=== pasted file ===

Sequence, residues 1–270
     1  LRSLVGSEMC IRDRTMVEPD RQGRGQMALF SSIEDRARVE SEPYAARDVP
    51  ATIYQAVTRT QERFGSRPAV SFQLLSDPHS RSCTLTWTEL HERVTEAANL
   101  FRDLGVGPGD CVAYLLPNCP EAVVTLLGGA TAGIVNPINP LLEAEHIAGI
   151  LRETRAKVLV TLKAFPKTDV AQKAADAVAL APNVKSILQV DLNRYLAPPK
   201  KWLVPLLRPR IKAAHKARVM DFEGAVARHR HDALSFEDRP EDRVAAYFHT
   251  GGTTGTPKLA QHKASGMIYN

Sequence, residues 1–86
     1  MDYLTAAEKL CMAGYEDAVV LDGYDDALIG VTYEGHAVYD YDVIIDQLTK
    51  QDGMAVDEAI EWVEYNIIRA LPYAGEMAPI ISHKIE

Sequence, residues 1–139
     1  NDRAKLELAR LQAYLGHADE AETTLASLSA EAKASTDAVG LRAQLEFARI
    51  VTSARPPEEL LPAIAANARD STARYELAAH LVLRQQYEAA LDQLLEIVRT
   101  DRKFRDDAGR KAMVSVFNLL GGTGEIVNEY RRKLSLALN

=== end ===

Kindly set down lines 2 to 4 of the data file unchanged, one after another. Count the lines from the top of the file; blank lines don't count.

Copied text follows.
     1  LRSLVGSEMC IRDRTMVEPD RQGRGQMALF SSIEDRARVE SEPYAARDVP
    51  ATIYQAVTRT QERFGSRPAV SFQLLSDPHS RSCTLTWTEL HERVTEAANL
   101  FRDLGVGPGD CVAYLLPNCP EAVVTLLGGA TAGIVNPINP LLEAEHIAGI